The Day Things Changed

On any normal day, I would wake up for school and go downstairs to eat some breakfast. My mom would be reading the paper, dad out the door for work, and my sisters upstairs getting ready. Today was different. It was eerily quiet when I woke up and Chelsea wasn’t in the shower like usual. Morgan was still asleep. I walked downstairs and my mom wasn’t there. Dad was standing at the counter on the phone with the dim light hanging right above his head. He had a dead serious look on his face and his stance was very stiff. My heart skipped a beat as fear crept upon me.

I was confused, and my dad wouldn’t tell me what was wrong. All he said was that everything was fine and Chelsea’s medicine just made her sick. I wasn’t allowed to tell Morgan what was going on because he didn’t want her to worry over nothing, I always had to be strong for her. He seemed calm, so I trusted him and went through the day trying not to worry myself. I was used to her going to multiple doctors the last few years; one more didn’t mean anything. The only thing I was worried about was that it was a couple days before my birthday; she had to be better before then.

I really couldn’t help but worry though. I knew my sister, and when something was wrong, something was very wrong. She had really bad depression and a drinking problem. Could it just be that the mix of her happy pills and the alcohol made her sick? I hated that she drank. It killed me inside, knowing that my sister endangered herself and others all the time. She told me that she stole a fifth of alcohol to drink during school everyday.
It made her mean too. Really mean. She didn’t get along with any of my family members; the only thing she would say was hurtful things. She even threatened to slit Morgan’s throat once. I was the exception. She loved me for some reason. She told me her secrets and her feelings. We were close and I even looked up to her. It sounds weird to look up to a depressed alcoholic, but it was her strength that I admired, not her problems.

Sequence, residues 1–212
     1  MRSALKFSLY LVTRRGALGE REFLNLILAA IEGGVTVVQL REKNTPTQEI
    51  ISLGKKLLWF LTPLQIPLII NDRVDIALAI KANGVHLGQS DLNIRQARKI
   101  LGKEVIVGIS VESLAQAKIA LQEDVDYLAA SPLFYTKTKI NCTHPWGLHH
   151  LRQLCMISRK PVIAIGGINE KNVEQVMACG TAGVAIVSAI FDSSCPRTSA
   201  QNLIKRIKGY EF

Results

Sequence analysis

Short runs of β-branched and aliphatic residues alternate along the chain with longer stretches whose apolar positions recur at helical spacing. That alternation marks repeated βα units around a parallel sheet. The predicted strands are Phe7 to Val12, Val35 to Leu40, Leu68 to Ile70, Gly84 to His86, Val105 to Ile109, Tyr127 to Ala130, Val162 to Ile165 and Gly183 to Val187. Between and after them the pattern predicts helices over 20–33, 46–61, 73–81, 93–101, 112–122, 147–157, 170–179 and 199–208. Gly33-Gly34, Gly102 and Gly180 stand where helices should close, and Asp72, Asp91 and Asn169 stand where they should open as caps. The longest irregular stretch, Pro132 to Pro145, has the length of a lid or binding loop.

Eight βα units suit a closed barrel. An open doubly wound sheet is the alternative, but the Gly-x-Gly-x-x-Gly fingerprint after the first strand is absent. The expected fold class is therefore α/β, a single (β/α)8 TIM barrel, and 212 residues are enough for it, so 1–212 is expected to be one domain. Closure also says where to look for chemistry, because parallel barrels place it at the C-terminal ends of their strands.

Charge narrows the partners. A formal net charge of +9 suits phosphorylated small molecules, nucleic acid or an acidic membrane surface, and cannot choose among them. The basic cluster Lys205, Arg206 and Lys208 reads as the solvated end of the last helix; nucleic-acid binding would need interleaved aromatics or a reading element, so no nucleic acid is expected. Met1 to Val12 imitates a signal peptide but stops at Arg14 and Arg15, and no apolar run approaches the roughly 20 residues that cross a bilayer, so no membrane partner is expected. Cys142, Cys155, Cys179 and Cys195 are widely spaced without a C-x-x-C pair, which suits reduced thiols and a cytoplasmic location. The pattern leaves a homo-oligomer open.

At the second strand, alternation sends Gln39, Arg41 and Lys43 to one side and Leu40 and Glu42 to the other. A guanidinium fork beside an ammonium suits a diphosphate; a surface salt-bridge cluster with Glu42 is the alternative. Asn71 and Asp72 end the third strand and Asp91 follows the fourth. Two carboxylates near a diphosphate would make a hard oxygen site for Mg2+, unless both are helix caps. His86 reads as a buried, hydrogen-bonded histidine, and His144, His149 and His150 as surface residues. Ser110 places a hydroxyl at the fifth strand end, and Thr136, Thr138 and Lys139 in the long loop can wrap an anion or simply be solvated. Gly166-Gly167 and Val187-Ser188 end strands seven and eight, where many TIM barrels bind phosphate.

I would go home to an empty house everyday while my mom sat at the psychologists and doctors with her. I liked the loneliness and silence and dreaded their return home. Every second that my sister was home, there was either yelling or crying, and many times both. My sister and mother would scream at each other at the top of their lungs about how “stupid” she was and how Chelsea hated my mom. These words pierced my soul and killed my liveliness. When the yelling was done, I would hear doors slam and sobs coming from my mother. Chelsea would blare her heavy metal music. I hate heavy metal. Then my dad would come home. My parents would talk about the day’s events; they would disagree about how my mom dealt with it, and there would be more yelling.

All the while, Morgan and I would sit in our rooms, pushing our headphones into our ears as far as they could go, trying to drown out the yells and cries. Morgan was like me; always alone and quiet. We never really talked, because we both knew how each other felt. I felt bad that she had to go through all of this at such a young age. She didn’t get to know Chelsea before all of this started. All she knew was this new stranger that lived in our house and caused us problems. Morgan hated Chelsea. I wanted to be the good older sister and help her through it, but that’s hard to do when I myself don’t even know. All I could do was be strong and put on a fake smile when I was with her.
I never invited anyone over, I wanted to spare them from witnessing the mess of a family we had. I kept to myself most of the time and went into a depression. Life sucked and I envied my friends who all had perfect lives. They all had older sisters who were cool; they played sports and got A’s in school. I hated when they complained about their families, they didn’t know what fighting really was.

My mom was home when I came home from school. She explained to me what happened. I was furious. How could this happen? I was completely crushed and didn’t understand. She took me to the hospital with my sister Morgan. They were all trying to comfort Chelsea when we got to her hospital bed. I couldn’t even look at her. I felt sick and betrayed. It hurt so bad to hold back the tears and burning anger building inside of me. She was hooked up to so many machines and had black charcoal around her mouth. Her face was pale and the mix of dim lights and charcoal gave her face shadows that made her look dead. It was hard to look at and made me sick to my stomach. The charcoal was used to absorb the overdosing of drugs in her stomach. She had tried to commit suicide.

I can’t even describe the pain I felt that day. My sister tried to kill herself. It was a week before my birthday. What a birthday present. I just couldn’t understand how somebody could do that. To me, suicide is a selfish act because they not only take away their own life, but they never consider the lives they will affect when they are gone. My dad’s sister had committed suicide during his childhood as well so this one really cut him deep. We all felt like it was our fault and even put some blame on each other. It wasn’t out fault though, it was her decision. I will never be able to forgive Chelsea for the pain she caused my family that day.





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